TED WINTERER LOVES SANTA MONICA

I’m pretty sure of that. Kevin McKeown does too, and Gleam Davis. Sue Himmelrich, Rick Cole, yup. Greg Morena, lived here most of his life, oh yes, he told me. Newest Council member Ana Jara devoted decades of volunteer service to the City so, she must. Hard to know much about the elusive Terry O’Day but, sure, one would imagine. And I love Santa Monica. If you’ve read even a few of my CURIOUS CITY columns over the past 7-½ years, you would know that.

I also love Albuquerque, an old Spanish soul of a desert-mountain settlement with tacky trappings, in physically gorgeous and spiritually inspiring NM, where I grew up, went to college, got drafted at the height of the Viet Nam War, came back, resumed college and a pursuit of journalism under the great Tony Hillerman, got married, had a kid, traveled Europe for a year, got divorced, fell in love, finally arranged custody and was able to escape the Land of Enchantment (no enchanting future for work) for the sunny shores of music-drenched Southern California, where I fell in love again, got married, had a kid and camped around Europe and North Africa for a year again. Mandeville Canyon, Studio City, Beverly Hills, all for the best schools for my son, and finally, the ultimate, the longed for destination, the part of LA that I first fell in love with, Santa Monica. “Charles Andrews has lived in Santa Monica for 33 years and wouldn’t live anywhere else in the world. Really.”

BOTH CITIES HAVE GONE TO HELL

For most of my 30 years in Albuquerque it was provincial, it was off the beaten path, cultural opportunities were marginal, it was more small town than its population figures would indicate (not in a good way), it was great to look at, Old Town and the Sandia Mountains, the westsie volcanoes and the Rio Grande River, but wearing to live in sometimes. But… it was never dangerous. Oh sure, there were certain parts of town you wouldn’t go to, especially at night, especially if you were a gringo. But that was true in almost any town of some size.

But now, Albuquerque has become hell. Gun violence is out of control, mostly because of the drug flow, methamphetamines, very bad stuff. The APD was always considered a killer loose canon, but now gang bangers and gun-toting citizens are taking their toll, to make living there a daily danger.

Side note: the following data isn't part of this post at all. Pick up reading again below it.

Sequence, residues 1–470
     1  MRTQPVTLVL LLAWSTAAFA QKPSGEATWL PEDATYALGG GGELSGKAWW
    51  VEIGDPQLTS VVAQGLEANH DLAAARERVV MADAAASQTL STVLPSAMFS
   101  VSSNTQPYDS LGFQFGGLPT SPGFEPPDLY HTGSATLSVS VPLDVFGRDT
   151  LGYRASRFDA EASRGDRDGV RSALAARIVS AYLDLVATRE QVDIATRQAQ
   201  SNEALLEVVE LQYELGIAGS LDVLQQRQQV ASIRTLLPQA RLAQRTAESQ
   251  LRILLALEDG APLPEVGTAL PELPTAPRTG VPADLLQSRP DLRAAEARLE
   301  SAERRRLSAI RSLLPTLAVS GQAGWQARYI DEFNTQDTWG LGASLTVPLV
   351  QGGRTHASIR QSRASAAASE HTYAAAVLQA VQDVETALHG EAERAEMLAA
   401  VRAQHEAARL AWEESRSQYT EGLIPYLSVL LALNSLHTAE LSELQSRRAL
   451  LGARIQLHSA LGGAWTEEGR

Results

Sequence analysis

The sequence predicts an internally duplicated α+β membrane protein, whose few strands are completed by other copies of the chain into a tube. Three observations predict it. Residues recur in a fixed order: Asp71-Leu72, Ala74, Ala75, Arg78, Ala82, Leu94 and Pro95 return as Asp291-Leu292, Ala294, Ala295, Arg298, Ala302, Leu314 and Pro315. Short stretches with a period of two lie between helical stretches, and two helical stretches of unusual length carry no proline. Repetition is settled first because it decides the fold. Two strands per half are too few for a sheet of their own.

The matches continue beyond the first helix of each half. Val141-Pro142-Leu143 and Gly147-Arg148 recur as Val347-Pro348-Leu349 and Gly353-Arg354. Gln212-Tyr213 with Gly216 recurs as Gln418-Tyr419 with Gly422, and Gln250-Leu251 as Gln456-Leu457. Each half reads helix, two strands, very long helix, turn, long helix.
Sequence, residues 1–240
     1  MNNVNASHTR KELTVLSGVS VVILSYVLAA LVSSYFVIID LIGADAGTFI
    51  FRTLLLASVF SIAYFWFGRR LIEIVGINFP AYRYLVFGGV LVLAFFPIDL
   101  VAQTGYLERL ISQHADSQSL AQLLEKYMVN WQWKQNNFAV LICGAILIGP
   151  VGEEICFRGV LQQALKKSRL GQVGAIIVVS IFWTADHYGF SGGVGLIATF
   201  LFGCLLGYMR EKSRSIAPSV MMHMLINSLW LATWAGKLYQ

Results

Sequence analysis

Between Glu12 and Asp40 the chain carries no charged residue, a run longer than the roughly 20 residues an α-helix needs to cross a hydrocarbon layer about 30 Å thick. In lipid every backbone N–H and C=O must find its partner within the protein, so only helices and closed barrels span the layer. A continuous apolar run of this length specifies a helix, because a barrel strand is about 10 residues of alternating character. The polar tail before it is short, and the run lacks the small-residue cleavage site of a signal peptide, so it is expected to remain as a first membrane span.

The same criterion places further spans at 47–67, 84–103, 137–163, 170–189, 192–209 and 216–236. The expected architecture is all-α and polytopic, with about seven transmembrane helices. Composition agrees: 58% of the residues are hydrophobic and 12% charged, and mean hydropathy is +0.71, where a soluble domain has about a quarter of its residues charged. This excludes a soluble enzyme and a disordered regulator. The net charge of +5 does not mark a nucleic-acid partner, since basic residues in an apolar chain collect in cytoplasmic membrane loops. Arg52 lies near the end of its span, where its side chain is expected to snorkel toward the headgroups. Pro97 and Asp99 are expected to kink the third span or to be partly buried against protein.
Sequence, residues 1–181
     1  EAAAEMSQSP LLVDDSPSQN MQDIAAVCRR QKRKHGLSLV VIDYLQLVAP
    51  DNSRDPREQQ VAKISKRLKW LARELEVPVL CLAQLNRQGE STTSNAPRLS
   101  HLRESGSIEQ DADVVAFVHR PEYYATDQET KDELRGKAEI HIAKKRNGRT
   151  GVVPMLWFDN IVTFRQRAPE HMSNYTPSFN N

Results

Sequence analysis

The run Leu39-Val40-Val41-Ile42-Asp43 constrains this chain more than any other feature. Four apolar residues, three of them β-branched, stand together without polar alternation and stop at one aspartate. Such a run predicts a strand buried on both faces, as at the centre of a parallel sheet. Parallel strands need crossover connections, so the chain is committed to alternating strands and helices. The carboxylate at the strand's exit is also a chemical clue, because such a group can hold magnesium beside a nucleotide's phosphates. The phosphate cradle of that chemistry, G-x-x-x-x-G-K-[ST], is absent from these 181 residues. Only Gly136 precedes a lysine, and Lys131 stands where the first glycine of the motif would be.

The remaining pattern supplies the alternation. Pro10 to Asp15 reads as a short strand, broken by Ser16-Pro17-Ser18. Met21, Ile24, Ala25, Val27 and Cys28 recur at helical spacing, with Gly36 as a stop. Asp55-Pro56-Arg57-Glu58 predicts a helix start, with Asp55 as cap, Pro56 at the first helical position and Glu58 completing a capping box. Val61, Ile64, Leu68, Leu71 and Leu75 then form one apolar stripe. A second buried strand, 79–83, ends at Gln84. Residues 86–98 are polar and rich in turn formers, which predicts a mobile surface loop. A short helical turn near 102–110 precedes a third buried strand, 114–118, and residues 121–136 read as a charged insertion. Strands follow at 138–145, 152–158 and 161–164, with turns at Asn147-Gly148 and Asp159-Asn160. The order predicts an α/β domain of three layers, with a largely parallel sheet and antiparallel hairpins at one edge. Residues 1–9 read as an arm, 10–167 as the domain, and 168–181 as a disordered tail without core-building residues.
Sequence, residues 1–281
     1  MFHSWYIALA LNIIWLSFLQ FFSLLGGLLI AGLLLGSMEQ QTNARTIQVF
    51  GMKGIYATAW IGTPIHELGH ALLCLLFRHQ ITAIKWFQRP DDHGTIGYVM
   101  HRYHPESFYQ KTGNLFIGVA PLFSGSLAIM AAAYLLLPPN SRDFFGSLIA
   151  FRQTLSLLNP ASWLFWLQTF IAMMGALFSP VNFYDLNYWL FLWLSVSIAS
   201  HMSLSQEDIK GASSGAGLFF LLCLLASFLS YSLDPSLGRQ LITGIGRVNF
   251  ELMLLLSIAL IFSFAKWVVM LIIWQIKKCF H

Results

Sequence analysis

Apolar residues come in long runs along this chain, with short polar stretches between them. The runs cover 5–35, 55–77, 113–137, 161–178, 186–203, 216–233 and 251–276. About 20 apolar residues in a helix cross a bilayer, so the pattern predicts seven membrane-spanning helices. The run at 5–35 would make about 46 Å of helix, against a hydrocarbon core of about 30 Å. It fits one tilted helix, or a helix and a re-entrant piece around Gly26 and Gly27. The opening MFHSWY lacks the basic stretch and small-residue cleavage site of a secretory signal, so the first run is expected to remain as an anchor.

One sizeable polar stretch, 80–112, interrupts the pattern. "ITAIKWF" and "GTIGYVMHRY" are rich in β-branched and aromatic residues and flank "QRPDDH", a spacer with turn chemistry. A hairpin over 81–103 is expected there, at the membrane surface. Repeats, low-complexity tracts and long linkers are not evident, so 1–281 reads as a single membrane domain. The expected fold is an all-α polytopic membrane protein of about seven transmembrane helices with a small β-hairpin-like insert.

Here are some cold statistics: this year, 114 people shot in 112 days. 36 percent more this year than over the same period last year. 2018: 232 shootings, 65 fatal. The youngest victim this year: 8-year-old Diamond Williams. Per the Albuquerque Journal, “No arrests have been made, although police have said they are not looking for any suspects.” Not looking for any suspects. Imagine you are Diamond’s parents.

HERE’S WHERE I TAKE IT PERSONAL

There are lots more horrifying statistics, but let me tell you what I experienced.

You can get away with murder in Albuquerque.

My adult son Chris, born there and moved back after college, was murdered in his home 9/20/17, on a quiet cul-de-sac in a respectable part of town. We called the detective assigned to his case faithfully every Tuesday, until after 18 months we gave up. APD had six detectives for all those homicides and they were all ridiculously overloaded, and bounced back and forth on priorities as the political winds shifted. Finally our detective told us the case was being assigned to another detective, as soon as he could complete checking the phone logs. We never heard back from anyone.

Checking the phone logs. The numbers taken from his cell phone. People he spoke to just before being murdered. I’m pretty sure that’s almost the first thing you do in a murder investigation, but 18 months later the detective hadn’t gotten around to it. What was he doing? But hey, it was only That Day’s Murder, right?

On our family’s last trip there, we made a request in advance, through channels, to speak with the Police Chief. We felt we had a right to some answers, or at least to speak our minds. 15 minutes, we asked for. His “community liaison” stonewalled and never returned a phone call or email. On the APD web page there is a list of 25 active homicide investigations; our son’s name is not there, and hasn’t been for a long time. That hurts.

YOU CAN GET AWAY WITH MURDER IN ALBUQUERQUE

Is SM that bad? Not yet. But more and more people I know are not waiting to find out — they’re moving. I fully realize that both cities are fighting huge regional, national problems that defy easy or quick solutions. But in Albuquerque, my longtime friends there tell me, new mayor Tim Keller is storming ahead with new programs and technology, making it the top priority.

How do you feel our City leaders here are addressing the crime problem? Is it their top priority, or just on the agenda? Are they diverting needed attention and crime-fighting funds away to pride projects of sustainability? A City offices building costing tens of millions more than it needs to, some $30M to fight a court ruling that we discriminate in our voting practices, $8M wasted on bus benches everyone hates but they look pretty, $2.5M on a toilet? Tens of millions on an early childhood care center giveaway. And on and on and on. Where are their priorities?

In both cities, the buck stops with the City Council/Mayor, doesn’t it?

 

Charles Andrews has lived in Santa Monica for 33 years and wouldn’t live anywhere else in the world. Really. Send love and/or rebuke to him at  therealmrmusic@gmail.com

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2 Comments

  1. Excellent article, Charles, sad and scary! We need to be scared – there’s too much sand around here to stick our heads into!

  2. Absolutely shocking that the ABQ police didn’t put more effort into your sons murder case… Shocking…

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